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Cardinal Dolan explains why he is serving as Grand Marshall in the St. Patrick’s Day parade

Cardinal Dolan explains why he is serving as Grand Marshall in the St. Patrick’s Day parade September 17, 2014

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From his column in New York Catholic:

I haven’t been in this much hot water since I made the comment, right after I arrived as your archbishop five-and-a-half years ago, that Stan Musial—my boyhood hero of my hometown St. Louis Cardinals—was a much better ballplayer than Joe DiMaggio!

Now I’m getting as much fiery mail and public criticism over my decision to accept the honor of Grand Marshal of this year’s St. Patrick’s Day Parade. According to the critics, I should have refused, due to the Parade Committee’s decision to allow a group of self-identified Gays of Irish ancestry to march in the parade with their own banner.

As with Stan Musial, I’ll stand by my decision. However, enough of you have courteously expressed some confusion and dismay, that, as your pastor, I owe you an explanation. Let me try.

For one, the decision to change the parade protocol was not mine. The archbishops of New York have never been “in charge” of the parade. Although my predecessors and I have always enjoyed friendly cooperation with the Parade Committee—and still do—and deeply appreciate the identity of the Parade as a celebration purely of Irish heritage, intimately linked to the Catholic Faith, we’ve never had a say in Parade policy or the choice of the Grand Marshal. Nor did we expect or want one!

So, in the current “brawl,” (they have been hardly rare in the Parade’s grand 253-year history!), I did not make the decision! You will recall that I in the past often expressed support for the former policy—that the only banners and identification to be carried was that the group was Irish—and that I found it logical and fair. To those who charged that the policy was “anti-Gay,” I often observed that no one person, Gay or not, was excluded from the parade. This was simply a reasonable policy about banners and public identification, not about the sexual inclinations of participants.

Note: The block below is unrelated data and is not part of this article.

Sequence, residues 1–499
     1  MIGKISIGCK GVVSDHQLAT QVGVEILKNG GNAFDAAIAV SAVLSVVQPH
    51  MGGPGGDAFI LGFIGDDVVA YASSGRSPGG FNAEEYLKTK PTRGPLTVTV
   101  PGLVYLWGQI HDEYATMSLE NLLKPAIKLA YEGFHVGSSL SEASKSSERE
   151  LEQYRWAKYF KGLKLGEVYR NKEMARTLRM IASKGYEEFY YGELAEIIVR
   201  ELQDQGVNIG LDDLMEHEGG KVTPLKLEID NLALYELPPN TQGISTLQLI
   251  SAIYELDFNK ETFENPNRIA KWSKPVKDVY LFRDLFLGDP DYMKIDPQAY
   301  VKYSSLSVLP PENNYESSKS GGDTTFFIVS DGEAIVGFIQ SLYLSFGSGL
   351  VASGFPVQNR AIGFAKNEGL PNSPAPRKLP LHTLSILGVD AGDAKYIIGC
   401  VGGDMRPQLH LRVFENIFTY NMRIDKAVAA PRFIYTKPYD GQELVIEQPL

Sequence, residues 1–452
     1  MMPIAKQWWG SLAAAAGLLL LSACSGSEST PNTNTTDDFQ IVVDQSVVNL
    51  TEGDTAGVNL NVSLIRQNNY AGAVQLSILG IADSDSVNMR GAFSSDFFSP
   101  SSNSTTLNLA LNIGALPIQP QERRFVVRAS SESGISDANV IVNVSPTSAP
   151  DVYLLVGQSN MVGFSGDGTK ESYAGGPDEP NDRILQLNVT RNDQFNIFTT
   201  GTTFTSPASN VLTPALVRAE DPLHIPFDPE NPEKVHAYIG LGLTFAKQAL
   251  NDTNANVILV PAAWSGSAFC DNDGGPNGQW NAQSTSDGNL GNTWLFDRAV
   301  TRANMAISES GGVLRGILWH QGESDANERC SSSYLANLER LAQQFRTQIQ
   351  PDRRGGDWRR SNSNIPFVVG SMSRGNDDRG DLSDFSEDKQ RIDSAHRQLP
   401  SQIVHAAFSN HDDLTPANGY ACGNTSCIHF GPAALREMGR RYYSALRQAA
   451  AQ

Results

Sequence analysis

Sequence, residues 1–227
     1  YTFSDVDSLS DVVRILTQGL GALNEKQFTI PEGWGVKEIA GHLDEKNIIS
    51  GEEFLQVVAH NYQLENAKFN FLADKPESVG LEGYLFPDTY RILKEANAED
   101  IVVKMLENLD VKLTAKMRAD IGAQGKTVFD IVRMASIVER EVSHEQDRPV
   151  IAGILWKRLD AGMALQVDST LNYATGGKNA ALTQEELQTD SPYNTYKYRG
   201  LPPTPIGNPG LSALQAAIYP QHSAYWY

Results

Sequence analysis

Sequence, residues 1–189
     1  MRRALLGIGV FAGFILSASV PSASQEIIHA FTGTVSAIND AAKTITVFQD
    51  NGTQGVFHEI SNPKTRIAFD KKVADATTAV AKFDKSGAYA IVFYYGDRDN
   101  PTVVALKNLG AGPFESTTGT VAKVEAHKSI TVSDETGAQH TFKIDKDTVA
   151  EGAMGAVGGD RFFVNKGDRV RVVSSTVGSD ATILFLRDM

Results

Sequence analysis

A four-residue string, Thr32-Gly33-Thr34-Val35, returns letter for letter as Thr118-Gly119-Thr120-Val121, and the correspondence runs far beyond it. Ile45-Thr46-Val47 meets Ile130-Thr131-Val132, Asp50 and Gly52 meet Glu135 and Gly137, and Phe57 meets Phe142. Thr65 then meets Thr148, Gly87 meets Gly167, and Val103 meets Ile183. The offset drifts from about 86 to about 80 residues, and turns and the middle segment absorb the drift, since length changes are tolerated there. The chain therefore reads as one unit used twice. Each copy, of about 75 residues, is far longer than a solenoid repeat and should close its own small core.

I did not oppose the former policy; nor did I push, condone, or oppose the new one. While the Parade committee was considerate in advising me of the change, they did not ask my approval, nor did they need to.

However, I admit that, for most folks, this is not the reason they are upset with me, and this brings us to point two. Many of you, while acknowledging that the decision to change policy was not mine, feel strongly that I should protest it, publicly condemn it, no longer support the Parade, and refuse the invitation to serve as Grand Marshal.

While a handful have been less than charitable in their reactions, I must admit that many of you have rather thoughtful reasons for criticizing the committee’s decision: you observe that the former policy was fair; you worry that this is but another example of a capitulation to an “aggressive Gay agenda,” which still will not appease their demands; and you wonder if this could make people think the Church no longer has a clear teaching on the nature of human sexuality.

Thank you for letting me know of such concerns. I share some of them.

However, the most important question I had to ask myself was this: does the new policy violate Catholic faith or morals? If it does, then the Committee has compromised the integrity of the Parade, and I must object and refuse to participate or support it.

From my review, it does not. Catholic teaching is clear: “being Gay” is not a sin, nor contrary to God’s revealed morals. Homosexual actions are—as are any sexual relations outside of the lifelong, faithful, loving, lifegiving bond of a man and woman in marriage—a moral teaching grounded in the Bible, reflected in nature, and faithfully taught by the Church.

So, while actions are immoral, identity is not! In fact, as the Catechism of the Catholic Church reminds us, people with same-sex attraction are God’s children, deserving dignity and respect, never to be treated with discrimination or injustice.

Read the rest. 


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